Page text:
The activities of MMPs are regulated by tissue inhibitors of metalloproteinases (TIMP-1–4), a family of multifunctional secreted proteins that promote growth and regulate the cell cycle in various cell types [5].

One of the proteases that is implicated in ECM remodeling and consequently synaptic plasticity is MMP-9 [6]

MMP-9 and MMP-2 are the most commonly expressed MMPs in the brain [7].

MMP-9 is an extracellularly/pericellularly operating protease that regulates numerous cell activities, such as cell differentiation, cell migration, cytokine release, survival, apoptosis and inflammation [8].

MMP-9 is able to bind with various substrates, for example, TIMPs, laminin, gelatin, collagen types I and IV, procollagen type II, β-amyloid (1–40), precursors of growth factors, chemokine’s, surface receptors, and adhesion molecules [9].

MMP-9 plays a vital role in blood–brain barrier damage. The increase in blood–brain barrier permeability is one of the first abnormalities which occur in status epilepticus [10].

MMP-9 is suggested to play a role in epileptic focus formation and in the stimulation of seizures. Its proteolytic action on the elements of blood–brain barrier and activation of chemotactic processes facilitates accumulation of inflammatory cells and induces seizures; also modification of glutamatergic transmission by MMP-9 is associated with seizures [11].

MMP-9-related synaptic plasticity has been shown to play an important role in the development of epilepsy in both humans and rodents. MMP-9 deficiency inhibits epileptogenesis, and excess MMP-9 facilitates it; prolonged seizures are related to high serum MMP-9 levels in humans [12].

Although epilepsy is a prevalent disorder during childhood; there is still little knowledge regarding its effects on the growth and nutrition of affected patients. Epilepsy might accompany with malnutrition and noted as the two key health problems [13].

Malnutrition might be indicated due to chronic use of anticonvulsant drugs because they may influence food intake and energy metabolism. In addition, they can induce vomiting, anorexia, and feeding difficulties in chewing or swallowing. Moreover, their energy requirement may be changed according to the impedance of disabilities with their common activities [14].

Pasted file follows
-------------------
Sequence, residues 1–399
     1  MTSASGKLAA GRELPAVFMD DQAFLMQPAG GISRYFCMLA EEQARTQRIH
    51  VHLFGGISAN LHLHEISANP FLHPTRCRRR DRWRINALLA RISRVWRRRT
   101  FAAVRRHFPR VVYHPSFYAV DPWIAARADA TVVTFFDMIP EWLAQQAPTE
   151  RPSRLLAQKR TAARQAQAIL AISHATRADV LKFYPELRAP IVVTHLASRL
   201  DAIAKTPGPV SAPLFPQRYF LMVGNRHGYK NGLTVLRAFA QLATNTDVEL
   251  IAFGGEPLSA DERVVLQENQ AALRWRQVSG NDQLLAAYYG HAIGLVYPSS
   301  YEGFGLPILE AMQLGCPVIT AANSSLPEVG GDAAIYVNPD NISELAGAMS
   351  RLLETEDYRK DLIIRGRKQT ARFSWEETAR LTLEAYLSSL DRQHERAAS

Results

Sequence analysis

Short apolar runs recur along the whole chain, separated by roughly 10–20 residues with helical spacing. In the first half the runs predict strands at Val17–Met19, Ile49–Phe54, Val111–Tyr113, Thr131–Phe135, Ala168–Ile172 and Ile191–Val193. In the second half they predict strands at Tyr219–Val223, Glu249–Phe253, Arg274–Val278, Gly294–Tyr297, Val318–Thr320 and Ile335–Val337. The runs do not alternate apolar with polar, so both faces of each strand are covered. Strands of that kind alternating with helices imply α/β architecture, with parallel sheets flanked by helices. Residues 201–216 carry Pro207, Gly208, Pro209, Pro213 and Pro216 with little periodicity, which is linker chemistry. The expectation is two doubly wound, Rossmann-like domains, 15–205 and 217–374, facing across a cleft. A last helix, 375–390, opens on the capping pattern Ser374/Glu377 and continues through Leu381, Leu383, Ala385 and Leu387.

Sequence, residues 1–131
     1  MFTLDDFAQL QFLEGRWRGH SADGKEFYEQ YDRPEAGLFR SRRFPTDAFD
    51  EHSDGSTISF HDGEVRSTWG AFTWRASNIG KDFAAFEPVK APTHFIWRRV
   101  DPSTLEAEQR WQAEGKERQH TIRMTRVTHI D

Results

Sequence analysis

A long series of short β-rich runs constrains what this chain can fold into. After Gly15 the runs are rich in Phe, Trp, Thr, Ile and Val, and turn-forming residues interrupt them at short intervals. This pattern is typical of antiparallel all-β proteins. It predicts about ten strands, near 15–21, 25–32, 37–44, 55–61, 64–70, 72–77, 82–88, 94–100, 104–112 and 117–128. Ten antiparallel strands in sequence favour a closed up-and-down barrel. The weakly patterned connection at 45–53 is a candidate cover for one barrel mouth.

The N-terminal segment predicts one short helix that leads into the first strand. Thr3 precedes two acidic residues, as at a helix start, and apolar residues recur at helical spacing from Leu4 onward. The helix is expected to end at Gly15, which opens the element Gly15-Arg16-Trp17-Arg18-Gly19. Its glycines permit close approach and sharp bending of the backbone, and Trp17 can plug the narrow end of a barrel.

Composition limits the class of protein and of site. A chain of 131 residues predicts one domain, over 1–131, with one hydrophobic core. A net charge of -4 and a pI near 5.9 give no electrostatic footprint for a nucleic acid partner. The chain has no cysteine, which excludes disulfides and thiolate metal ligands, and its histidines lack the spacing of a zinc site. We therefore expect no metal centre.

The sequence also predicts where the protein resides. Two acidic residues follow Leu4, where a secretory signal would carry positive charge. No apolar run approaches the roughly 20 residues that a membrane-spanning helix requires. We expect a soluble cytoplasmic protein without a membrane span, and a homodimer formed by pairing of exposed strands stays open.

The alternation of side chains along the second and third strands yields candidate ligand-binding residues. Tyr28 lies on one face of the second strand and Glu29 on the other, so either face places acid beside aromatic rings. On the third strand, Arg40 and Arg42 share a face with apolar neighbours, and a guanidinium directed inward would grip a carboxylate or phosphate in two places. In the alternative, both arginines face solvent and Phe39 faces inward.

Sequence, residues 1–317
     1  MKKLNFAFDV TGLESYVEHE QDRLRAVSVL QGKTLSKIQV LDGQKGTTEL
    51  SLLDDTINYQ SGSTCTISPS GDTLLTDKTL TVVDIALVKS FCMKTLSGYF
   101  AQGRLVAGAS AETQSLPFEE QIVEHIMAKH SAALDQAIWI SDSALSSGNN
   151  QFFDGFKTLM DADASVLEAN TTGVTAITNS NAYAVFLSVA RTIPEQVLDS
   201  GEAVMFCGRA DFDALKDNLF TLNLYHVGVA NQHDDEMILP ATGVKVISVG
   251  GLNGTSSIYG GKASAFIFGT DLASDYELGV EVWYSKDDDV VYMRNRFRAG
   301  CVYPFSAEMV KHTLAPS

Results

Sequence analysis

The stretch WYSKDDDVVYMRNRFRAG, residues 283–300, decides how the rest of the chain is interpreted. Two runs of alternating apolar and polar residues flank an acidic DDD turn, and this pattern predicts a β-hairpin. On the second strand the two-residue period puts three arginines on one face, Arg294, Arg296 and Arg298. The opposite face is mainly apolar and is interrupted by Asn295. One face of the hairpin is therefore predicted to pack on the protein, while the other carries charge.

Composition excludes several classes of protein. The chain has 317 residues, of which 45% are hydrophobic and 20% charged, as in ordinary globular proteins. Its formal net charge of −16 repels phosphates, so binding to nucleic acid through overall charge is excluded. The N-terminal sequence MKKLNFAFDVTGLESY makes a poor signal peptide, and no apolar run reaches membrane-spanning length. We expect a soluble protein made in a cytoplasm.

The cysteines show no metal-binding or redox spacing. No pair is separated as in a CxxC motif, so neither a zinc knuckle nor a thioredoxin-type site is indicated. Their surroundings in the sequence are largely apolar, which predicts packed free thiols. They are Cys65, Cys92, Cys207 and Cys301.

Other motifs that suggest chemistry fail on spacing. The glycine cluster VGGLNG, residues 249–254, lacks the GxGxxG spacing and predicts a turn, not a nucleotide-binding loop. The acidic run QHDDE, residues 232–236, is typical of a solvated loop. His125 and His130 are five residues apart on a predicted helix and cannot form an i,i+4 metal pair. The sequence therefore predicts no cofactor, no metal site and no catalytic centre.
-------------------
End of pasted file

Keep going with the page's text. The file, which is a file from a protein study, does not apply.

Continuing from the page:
Malnutrition is not considered to be a direct cause of epilepsy although it seems to favor the occurrence of epilepsy or seizures due to many nutritional deficiencies which have a profound and often permanent effect on central nervous system development in early life [15].

  Aim of this study Top

The aim was to assess serum MMP-9 levels in patients with idiopathic epilepsy and to evaluate its role as a biomarker for the diagnosis of idiopathic epilepsy and evaluation of the nutritional state by anthropometric measurement.

  Patients and methods Top

The present study is a cross-sectional case–control study. It was carried out on 30 epileptic children and 30 age-matched and sex-matched healthy nonepileptic children as control. The age of the participants ranged between 4 and 17 years old. They were selected randomly from the inpatient and outpatient neurological unit of Pediatric Department in Alzhraa University Hospital. Data were collected between 2018 and 2019.

The diagnosis of epilepsy was based on history from reliable eyewitness account. The patients were classified according to the Commission on Classification and Terminology of the International League against Epilepsy.

Ethical consideration

Ethical approval was obtained through the ethics committee before start of the study. An informed consent was obtained from each participant before doing tests.

Inclusion criteria

In our study we include only children aged from 4 to 17 years and diagnosed with idiopathic epilepsy according to International League against Epilepsy classification, 1981 [16].

Exclusion criteria

Children with any concomitant neurological, developmental disabilities, chronic, or current illness. Preexisting mental retardation, history of psychiatric disorders, history of nonepileptic and neurologic disorders or those who received chronic medications other than antiepileptic drugs (AEDs) were excluded from the study. As we intend to investigate the effect of epilepsy alone in the absence of any confounders that can impair the level of serum MMP-9 among those children.

Control group

Thirty healthy individuals (age and sex matched) with no history of epilepsy or other medical, neurological, or psychiatric disorders.